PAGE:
So why the cheap books?

In a previous post I spoke about the relatively good English book selection here in Korea, and how much more affordable books are here when compared to SA. I thought I’d elaborate a little on this.

Recently I ordered several books online from What the Book?, a store that specialises in supplying English-language books to people in Korea. But here’s the kicker – few of these books are printed in Korea. They are mostly imported from the US, half a planet away. So you’d think that the price would be a bit higher, considering the relatively small English-language market here and the distances involved. Actually, this isn’t the case. The price you pay for these books is DIRECTLY linked to the US dollar price printed on the book.

Here’s an example for you: I ordered the book “Spin State” by Chris Moriarty. I received the book within two weeks of ordering from the website, and I paid 6,990 won for it. This price was linked directly to the cover price: US$6.99. They even make the link on the price listed on the website. In Korea, 1,000 won is roughly equal to US$1.00.

So what does this mean? Well, using today’s exchange rate (US$1 = R7.964), this book cost me about R56.00. Keep in mind that this is the only store in Korea that specialises in English-language books, and all their stock has to be imported from the US.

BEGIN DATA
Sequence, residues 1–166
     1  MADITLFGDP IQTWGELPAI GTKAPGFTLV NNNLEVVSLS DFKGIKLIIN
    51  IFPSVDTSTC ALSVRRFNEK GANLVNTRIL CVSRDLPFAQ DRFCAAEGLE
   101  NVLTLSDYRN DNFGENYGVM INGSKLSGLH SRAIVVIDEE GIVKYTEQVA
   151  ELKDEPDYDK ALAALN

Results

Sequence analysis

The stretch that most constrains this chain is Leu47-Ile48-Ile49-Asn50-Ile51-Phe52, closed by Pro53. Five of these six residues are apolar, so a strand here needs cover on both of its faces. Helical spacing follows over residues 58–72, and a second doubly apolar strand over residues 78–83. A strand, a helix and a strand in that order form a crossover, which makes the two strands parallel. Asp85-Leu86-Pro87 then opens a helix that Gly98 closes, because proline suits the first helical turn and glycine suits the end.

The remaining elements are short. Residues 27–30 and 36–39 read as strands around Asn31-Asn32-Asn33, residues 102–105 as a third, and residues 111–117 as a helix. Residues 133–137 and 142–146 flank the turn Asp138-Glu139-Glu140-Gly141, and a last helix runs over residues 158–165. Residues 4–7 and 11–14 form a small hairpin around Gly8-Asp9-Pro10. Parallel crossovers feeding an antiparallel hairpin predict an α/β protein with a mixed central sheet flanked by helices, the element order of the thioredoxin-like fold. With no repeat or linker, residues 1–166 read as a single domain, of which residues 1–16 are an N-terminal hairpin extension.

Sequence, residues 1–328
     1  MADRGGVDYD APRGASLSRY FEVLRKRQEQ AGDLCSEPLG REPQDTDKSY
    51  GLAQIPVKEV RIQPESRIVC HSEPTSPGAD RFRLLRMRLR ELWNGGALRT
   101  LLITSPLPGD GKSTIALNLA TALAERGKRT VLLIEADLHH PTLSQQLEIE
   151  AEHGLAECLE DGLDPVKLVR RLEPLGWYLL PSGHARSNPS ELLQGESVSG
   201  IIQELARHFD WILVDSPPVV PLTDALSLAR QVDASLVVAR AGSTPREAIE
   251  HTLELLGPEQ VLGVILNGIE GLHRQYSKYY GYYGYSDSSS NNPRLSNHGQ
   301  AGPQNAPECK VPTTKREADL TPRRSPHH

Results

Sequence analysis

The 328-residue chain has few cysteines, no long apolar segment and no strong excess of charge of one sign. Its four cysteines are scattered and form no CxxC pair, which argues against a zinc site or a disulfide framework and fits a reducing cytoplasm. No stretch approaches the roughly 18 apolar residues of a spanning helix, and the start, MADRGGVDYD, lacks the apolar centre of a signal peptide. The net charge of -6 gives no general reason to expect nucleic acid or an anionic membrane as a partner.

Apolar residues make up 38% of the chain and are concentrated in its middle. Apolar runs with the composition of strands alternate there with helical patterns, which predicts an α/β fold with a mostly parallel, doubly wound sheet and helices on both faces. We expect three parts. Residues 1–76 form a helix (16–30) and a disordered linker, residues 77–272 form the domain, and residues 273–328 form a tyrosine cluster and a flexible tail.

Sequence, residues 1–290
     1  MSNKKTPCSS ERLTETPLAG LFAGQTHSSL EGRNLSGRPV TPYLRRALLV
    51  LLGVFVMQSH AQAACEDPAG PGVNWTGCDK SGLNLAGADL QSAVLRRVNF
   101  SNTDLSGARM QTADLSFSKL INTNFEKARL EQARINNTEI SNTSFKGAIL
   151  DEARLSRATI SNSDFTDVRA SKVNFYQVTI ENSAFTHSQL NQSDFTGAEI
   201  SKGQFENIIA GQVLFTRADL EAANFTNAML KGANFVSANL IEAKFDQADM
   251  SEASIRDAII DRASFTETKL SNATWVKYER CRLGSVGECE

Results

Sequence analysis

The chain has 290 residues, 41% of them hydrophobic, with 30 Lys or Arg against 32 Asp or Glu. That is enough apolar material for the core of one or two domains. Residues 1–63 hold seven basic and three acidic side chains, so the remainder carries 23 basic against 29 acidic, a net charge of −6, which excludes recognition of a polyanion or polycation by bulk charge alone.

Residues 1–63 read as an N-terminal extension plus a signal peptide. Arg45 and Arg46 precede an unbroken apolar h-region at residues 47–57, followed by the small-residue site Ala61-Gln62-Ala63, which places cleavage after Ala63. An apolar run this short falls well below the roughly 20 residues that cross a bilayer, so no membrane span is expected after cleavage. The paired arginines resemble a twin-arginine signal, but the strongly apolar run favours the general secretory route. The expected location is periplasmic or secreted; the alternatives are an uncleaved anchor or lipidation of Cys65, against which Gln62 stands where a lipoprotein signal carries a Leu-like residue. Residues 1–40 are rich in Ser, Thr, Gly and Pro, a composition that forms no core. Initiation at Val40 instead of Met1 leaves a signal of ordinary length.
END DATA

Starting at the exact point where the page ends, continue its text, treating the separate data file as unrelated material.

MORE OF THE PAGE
Now, let’s look at the SA prices for exactly the same US edition of this book. Exploitive Crooks, ummm, I mean Exclusive Books, charges R77.00 for the book, while Kalahari asks R88.00. Loot.co.za has a much better price: R68.00. So the same book would cost between R12.00 and R30.00 more in SA than I paid in Korea. And this in a country with several book websites and several large bookstore chains. You’d think competition would lower prices, or at least ensure that the book price reflected the US dollar price.

And this is just one example of where I have been able to buy an English-language book in a non-English-speaking country for far cheaper than I could in South Africa. This just reinforces my belief that South African booklovers are getting ripped off. I’m sure there are reasons (or at least claimed reasons) for the higher prices, but my experience here in Korea makes me a little suspicious. Korea is notorious for making it difficult to import anything, as it has protectionist tendencies. And yet books sell for essentially the same as they would in a store in the US.

I think the issue of high prices for books in SA needs to be further investigated.

Advertisements

Leave a Reply

Fill in your details below or click an icon to log in:

WordPress.com Logo

You are commenting using your WordPress.com account. Log Out / Change )

Twitter picture

You are commenting using your Twitter account. Log Out / Change )

Facebook photo

You are commenting using your Facebook account. Log Out / Change )

Google+ photo

You are commenting using your Google+ account. Log Out / Change )

Connecting to %s